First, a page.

Rice is popular as the staple food of Vietnamese and more than half of the world population. People often associated rice with the steamed rice that is consumed daily by billions of poor people in developing countries around the globe.  However, rice products have several forms and many of them are used in the preparation of delicious dishes at home and in restaurants – famous and ordinary – worldwide.  Although it is not commonly known, the transformation of rice grains into noodles, wrappers and other products has created additional employment opportunities for many millions of people; including disabled war veterans in many countries.

San pushes the plate of fried spring rolls or chả giò toward Hổ, asking him to take a bite, while boasting that they are the best chả giò in town.  Yesterday after learning of Hổ’s visit, San’s wife went to the local food market to buy things to prepare for their visitor. She bought pieces of best pork tender loin and, as soon as she got home, she chopped the meat, seasoned it with salt, freshly ground black pepper; and mixed it with chopped shrimps, and transparent bean noodles. She then added two well-beaten eggs that she has collected just that morning their laying hens. She kept the pork tender loin over night to “ripen” it.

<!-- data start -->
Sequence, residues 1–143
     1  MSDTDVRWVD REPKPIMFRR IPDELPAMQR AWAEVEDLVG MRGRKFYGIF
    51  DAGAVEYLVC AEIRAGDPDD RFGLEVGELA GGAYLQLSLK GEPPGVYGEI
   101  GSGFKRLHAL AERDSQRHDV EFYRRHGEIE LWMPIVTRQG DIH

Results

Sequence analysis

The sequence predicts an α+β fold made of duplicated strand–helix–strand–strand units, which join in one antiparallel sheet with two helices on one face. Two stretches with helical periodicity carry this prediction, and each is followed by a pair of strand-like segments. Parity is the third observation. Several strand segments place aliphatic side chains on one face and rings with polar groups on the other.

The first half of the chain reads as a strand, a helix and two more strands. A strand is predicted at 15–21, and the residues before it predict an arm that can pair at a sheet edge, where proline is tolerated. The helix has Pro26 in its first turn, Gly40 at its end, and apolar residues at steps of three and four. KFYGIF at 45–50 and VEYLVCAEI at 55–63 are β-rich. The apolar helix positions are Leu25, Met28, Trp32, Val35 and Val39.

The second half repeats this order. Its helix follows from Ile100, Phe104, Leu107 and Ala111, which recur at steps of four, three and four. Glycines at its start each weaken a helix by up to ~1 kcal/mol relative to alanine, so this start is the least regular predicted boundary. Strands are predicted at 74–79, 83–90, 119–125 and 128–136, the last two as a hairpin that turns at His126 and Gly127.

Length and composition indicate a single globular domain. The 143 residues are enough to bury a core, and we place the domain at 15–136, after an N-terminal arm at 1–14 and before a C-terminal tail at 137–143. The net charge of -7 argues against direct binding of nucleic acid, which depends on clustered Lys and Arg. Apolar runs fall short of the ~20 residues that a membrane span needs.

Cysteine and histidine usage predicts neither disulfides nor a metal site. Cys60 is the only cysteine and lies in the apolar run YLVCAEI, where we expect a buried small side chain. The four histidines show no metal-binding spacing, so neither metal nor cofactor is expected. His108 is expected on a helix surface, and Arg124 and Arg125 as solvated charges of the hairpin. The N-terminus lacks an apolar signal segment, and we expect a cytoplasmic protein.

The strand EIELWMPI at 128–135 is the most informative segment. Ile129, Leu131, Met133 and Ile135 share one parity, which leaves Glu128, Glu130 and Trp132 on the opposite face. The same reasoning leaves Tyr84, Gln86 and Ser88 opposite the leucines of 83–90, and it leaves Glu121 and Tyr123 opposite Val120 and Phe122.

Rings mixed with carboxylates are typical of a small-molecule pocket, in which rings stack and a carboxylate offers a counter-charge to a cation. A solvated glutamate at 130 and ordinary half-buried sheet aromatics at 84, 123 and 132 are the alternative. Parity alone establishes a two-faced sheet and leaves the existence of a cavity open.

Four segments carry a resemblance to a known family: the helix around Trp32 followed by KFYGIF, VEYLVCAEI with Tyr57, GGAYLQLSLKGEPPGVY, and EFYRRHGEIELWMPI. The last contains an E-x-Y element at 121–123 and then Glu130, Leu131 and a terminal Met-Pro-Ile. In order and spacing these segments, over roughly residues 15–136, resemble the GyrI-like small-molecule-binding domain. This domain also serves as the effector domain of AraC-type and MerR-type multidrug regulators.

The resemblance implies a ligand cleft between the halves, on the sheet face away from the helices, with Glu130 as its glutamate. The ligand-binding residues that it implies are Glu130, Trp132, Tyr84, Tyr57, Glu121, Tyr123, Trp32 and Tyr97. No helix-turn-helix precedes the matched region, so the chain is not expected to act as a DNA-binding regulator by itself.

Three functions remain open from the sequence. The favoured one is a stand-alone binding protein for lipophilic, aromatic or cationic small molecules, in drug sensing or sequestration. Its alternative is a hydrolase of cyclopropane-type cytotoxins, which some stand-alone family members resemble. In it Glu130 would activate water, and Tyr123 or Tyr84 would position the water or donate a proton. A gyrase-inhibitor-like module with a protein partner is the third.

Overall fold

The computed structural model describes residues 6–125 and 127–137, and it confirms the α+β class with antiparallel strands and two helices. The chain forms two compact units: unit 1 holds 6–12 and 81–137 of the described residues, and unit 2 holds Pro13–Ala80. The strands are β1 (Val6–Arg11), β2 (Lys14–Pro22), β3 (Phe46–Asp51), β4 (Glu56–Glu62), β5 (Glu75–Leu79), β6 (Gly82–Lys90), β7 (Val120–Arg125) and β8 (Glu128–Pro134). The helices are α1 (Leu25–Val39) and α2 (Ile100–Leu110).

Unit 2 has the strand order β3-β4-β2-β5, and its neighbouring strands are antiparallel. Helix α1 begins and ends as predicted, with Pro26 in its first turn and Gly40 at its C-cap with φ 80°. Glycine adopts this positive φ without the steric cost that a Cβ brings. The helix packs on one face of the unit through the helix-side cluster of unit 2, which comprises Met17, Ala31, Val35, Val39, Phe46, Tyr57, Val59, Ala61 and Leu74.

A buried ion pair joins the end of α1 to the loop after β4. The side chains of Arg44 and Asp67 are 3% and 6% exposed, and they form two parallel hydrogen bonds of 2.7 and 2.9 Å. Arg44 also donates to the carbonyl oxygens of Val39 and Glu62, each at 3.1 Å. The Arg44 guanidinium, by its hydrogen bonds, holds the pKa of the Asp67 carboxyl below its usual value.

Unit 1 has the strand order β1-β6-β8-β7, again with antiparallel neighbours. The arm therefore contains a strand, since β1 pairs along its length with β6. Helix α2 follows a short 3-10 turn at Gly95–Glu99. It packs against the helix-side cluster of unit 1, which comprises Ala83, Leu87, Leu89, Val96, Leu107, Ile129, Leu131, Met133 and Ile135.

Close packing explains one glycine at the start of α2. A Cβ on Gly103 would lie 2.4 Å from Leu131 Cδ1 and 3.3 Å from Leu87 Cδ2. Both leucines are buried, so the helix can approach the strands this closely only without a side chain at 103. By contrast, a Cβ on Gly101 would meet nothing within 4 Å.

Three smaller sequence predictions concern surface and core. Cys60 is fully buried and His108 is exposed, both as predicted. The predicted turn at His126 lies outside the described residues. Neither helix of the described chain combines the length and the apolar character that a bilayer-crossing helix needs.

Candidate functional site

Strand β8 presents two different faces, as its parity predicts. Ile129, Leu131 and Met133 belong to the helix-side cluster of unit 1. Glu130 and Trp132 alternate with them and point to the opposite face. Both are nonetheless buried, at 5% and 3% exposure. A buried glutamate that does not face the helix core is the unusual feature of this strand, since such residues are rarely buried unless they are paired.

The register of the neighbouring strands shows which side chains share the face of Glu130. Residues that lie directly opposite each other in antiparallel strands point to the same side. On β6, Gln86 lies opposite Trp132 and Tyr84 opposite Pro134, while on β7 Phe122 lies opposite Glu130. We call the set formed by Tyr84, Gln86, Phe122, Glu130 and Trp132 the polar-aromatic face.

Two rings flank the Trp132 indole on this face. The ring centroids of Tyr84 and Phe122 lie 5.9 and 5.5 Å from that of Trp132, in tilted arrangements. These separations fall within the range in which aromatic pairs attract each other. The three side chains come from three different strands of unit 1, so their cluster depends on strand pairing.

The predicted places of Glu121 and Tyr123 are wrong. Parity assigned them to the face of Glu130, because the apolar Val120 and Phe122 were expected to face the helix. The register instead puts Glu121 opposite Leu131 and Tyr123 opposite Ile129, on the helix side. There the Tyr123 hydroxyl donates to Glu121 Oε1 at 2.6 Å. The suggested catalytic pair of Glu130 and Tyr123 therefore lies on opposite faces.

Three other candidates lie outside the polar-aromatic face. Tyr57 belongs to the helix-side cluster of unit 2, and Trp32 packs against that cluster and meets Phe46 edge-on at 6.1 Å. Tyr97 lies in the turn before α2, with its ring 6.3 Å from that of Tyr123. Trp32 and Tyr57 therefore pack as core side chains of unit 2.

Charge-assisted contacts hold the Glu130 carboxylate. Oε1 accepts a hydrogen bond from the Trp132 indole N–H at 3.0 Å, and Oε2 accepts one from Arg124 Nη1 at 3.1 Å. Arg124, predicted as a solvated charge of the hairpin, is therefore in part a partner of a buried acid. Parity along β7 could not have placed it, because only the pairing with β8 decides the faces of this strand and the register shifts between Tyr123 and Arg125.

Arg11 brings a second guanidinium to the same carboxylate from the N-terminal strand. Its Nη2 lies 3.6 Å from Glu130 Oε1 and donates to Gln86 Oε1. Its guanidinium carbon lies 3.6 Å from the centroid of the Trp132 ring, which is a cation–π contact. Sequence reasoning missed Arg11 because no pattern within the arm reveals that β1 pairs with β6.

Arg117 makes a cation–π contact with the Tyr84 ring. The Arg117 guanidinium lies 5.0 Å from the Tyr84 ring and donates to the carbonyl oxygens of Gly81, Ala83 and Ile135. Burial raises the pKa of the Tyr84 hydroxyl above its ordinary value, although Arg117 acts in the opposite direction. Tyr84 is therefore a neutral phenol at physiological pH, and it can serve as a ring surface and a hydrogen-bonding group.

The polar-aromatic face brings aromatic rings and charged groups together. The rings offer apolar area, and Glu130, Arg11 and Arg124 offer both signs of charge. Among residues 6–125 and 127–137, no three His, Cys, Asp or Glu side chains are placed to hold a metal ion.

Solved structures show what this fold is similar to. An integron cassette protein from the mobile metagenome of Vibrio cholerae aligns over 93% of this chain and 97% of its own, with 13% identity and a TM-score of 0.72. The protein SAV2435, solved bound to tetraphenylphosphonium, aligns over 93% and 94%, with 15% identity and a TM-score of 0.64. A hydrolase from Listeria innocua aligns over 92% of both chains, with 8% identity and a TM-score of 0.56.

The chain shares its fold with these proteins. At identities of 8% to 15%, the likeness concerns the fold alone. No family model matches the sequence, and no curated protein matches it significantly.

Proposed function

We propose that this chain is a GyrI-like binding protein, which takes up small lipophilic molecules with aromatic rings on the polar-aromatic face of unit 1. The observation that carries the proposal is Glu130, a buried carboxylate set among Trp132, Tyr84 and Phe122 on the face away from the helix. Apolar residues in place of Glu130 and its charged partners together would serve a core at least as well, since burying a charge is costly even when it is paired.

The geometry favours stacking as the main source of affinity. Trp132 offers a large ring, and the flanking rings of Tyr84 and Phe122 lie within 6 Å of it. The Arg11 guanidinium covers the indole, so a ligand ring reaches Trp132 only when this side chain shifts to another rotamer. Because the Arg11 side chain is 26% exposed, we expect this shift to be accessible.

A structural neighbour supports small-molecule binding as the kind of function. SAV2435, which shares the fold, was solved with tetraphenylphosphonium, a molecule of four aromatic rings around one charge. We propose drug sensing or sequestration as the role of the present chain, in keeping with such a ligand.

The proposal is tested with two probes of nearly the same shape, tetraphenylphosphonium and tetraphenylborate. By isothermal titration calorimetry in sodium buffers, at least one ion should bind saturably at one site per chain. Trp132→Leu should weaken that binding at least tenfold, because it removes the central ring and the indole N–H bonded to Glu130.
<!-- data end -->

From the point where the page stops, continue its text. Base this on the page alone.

Upon Hổ’s arrival, she wrapped the marinated meat with the rice wrappers that had been made at home and fried them to serve the meal for her husband’s best and highly esteem friend. The two friends went back almost 40 years. In 1967, San was a rice farmer and Hổ was a university student, and they had met in one afternoon when Hổ was on a mission to help farmers in San’s village to grow better rice.  The war came to the region and intensified, and San had to join the army. Hổ went abroad to continue his studies.

Later that afternoon, San and Hổ sat in the tiny living/dining room of San’s small house on the bank of the river after enjoying the tasty chả giò with fresh locally-grown-spicy herbs and nước mắm or fish sauce. They savoured the atmosphere of the river and their friendship and sipped aromatic rice whiskey as their memories remained unsaid. The river in front of San’s living/dining room ebbs and flows under the influence of the tide, and there are two tides each day.  When the tide in the East Sea is rising, sea water pushes back along the river, and causes it to swell and flow close to the house; when the tide is falling the river empties into the sea and it shrinks back to its normal channel.